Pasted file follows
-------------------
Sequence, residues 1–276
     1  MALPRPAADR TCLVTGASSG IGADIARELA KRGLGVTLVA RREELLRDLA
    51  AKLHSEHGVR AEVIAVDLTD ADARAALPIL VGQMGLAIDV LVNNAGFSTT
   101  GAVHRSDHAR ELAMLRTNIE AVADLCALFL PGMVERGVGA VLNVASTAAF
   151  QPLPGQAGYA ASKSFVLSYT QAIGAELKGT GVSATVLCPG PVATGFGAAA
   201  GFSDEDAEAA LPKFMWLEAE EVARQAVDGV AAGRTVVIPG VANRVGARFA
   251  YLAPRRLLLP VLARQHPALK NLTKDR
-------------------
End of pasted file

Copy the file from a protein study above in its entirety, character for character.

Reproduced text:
Sequence, residues 1–276
     1  MALPRPAADR TCLVTGASSG IGADIARELA KRGLGVTLVA RREELLRDLA
    51  AKLHSEHGVR AEVIAVDLTD ADARAALPIL VGQMGLAIDV LVNNAGFSTT
   101  GAVHRSDHAR ELAMLRTNIE AVADLCALFL PGMVERGVGA VLNVASTAAF
   151  QPLPGQAGYA ASKSFVLSYT QAIGAELKGT GVSATVLCPG PVATGFGAAA
   201  GFSDEDAEAA LPKFMWLEAE EVARQAVDGV AAGRTVVIPG VANRVGARFA
   251  YLAPRRLLLP VLARQHPALK NLTKDR